Tuesday, Aug 4, 2020
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SMEs to partly benefit from state-backed credit guarantee scheme

SMEs to partly benefit from state-backed credit guarantee scheme

By Daisy Okanga | The National Treasury will not fully guarantee loans given to Small and Medium Enterprises (SMEs) under the State-backed Credit Guarantee Scheme if a proposed law sail through in Parliament.

During the 2020/2021 budget presentation by Treasury Cabinet Secretary Ukur Yatani the government allocated Sh3 billion seed capital to operationalize the SME Credit Guarantee Scheme, more than a year after it was formed.

“A guarantee for credit extended to micro, small or medium enterprises shall be given under a scheme established by the Cabinet Secretary for the partial mitigation of default risks for credit extended to micro, small or medium enterprises.” Reads part of the Public Finance Management (Amendment)  2 Bill, 2020.

This means that a small business must provide collateral for the loans that include assets like machinery and other property.

The proposed law further gives powers to Treasury Secretary to set out the conditions for the guarantee of the loans and the size of losses that the State will absorb in case of a default.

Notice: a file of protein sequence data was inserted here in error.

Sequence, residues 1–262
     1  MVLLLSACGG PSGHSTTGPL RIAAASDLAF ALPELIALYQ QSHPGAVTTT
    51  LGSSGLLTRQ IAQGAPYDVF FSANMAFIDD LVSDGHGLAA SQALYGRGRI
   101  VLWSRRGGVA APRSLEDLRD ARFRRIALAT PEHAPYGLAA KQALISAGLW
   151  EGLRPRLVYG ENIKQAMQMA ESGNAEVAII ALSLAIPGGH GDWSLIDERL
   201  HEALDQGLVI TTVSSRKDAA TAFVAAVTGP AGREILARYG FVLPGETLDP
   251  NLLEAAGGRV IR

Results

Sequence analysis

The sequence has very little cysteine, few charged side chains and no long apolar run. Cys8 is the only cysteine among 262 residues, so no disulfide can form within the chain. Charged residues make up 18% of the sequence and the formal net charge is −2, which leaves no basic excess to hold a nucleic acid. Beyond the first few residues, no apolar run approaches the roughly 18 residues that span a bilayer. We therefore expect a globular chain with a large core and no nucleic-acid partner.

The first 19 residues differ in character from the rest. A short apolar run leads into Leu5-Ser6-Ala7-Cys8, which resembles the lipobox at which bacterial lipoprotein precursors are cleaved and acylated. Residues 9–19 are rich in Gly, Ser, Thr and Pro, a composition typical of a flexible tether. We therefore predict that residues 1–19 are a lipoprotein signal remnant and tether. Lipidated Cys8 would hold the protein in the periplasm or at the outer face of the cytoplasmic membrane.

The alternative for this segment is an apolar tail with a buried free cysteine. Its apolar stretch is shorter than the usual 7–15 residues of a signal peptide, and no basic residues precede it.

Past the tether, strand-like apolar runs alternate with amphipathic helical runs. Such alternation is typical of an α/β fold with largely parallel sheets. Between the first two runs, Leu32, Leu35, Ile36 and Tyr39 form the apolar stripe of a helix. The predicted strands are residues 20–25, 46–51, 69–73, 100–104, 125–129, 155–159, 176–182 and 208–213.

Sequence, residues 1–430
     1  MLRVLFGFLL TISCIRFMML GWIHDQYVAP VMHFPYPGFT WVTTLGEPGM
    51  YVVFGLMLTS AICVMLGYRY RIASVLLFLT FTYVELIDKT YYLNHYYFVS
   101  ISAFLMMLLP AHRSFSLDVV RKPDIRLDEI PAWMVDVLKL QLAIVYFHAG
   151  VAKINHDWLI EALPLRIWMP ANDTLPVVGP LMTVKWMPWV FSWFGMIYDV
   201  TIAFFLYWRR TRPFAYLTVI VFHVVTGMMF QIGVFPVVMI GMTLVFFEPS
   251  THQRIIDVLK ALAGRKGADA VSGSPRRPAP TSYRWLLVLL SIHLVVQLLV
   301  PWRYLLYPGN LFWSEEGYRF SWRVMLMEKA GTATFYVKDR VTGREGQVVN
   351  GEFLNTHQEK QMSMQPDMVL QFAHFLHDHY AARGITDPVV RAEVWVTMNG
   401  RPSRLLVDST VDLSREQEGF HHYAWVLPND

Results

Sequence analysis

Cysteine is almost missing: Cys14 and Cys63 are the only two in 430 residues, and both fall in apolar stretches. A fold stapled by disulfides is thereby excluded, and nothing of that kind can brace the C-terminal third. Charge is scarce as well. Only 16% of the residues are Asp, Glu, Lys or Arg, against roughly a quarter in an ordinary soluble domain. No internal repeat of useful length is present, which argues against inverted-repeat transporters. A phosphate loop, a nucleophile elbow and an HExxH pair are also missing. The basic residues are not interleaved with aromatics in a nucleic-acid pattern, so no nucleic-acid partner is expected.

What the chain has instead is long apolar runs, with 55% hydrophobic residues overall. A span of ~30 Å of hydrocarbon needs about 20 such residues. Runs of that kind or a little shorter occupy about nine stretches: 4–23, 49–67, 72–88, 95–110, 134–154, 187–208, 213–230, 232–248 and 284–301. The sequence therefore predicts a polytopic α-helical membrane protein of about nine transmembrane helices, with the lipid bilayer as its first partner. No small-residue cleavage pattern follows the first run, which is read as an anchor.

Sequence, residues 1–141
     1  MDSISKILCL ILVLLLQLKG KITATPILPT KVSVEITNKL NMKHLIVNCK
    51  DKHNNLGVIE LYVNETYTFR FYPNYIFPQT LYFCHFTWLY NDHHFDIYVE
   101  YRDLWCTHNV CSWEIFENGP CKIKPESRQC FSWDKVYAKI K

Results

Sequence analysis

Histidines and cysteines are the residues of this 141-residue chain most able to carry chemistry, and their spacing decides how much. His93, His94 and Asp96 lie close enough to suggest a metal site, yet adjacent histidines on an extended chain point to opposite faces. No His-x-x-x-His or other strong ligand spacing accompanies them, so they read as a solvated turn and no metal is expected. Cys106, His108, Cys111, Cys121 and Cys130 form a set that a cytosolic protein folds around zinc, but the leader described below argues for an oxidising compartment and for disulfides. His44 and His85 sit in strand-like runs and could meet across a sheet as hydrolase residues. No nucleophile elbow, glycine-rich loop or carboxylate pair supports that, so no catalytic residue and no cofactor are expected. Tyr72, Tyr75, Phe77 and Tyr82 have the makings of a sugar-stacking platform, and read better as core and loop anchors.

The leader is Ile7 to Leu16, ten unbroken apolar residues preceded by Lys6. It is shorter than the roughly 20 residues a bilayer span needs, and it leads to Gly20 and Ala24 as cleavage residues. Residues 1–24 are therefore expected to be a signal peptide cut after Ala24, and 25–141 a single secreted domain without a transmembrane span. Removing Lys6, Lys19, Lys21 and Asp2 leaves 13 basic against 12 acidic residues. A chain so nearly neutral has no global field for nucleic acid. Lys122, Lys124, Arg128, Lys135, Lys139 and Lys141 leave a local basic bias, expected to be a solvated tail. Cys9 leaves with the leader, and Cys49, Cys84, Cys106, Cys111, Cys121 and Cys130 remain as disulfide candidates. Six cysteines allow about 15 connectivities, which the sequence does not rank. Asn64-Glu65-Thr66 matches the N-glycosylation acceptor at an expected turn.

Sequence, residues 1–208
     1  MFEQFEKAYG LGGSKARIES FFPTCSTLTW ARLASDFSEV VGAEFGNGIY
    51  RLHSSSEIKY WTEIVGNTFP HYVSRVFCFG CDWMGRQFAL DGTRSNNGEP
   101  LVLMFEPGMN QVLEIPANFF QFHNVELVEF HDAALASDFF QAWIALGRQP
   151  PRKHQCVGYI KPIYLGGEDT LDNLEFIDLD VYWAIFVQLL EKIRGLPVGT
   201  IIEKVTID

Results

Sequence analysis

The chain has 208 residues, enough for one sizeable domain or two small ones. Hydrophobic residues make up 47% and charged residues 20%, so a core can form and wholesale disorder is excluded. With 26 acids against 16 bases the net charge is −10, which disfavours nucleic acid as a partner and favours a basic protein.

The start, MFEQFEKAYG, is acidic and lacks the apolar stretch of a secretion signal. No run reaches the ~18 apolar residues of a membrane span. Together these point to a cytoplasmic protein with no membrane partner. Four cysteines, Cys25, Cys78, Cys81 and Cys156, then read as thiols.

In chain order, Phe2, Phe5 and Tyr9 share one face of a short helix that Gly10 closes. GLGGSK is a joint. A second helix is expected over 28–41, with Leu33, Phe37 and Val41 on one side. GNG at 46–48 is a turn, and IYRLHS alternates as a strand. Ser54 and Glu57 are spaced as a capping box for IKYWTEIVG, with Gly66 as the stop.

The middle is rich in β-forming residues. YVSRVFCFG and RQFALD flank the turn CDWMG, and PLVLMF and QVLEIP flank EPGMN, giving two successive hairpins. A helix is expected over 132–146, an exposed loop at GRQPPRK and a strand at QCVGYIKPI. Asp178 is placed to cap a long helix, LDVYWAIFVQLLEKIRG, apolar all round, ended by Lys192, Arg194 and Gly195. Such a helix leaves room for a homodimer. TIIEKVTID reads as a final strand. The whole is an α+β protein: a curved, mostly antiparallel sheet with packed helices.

While presenting Kenya’s Sh2.79 trillion budget for the financial year 2020/2021, CS Yatani said the scheme will enable the provision of affordable credit to small and medium enterprises in an efficient and structured manner.

According to the Bill, the Treasury will only take a portion of the losses in case an SME defaults on payment of the loans.

The bill further stated that A guarantee for credit extended to a micro, small or medium enterprises shall be given under a scheme established by the Cabinet Secretary for the partial mitigation of default risks for credit extended to micro, small or medium enterprises.

The MPs are set to debate and approve the proposed law, which among others, stipulates that targeted SMEs must have an annual turnover of not more than Sh100 million and a workforce of between 51 and 250 workers.

The European Union has already committed €100 million (Sh11.7 billion), boosting the State-backed credit guarantee scheme.

SMEs should take heed of the Government turning its attention to tackling corporate debt caused by COVID-19 and act now to protect themselves against unpaid invoices.

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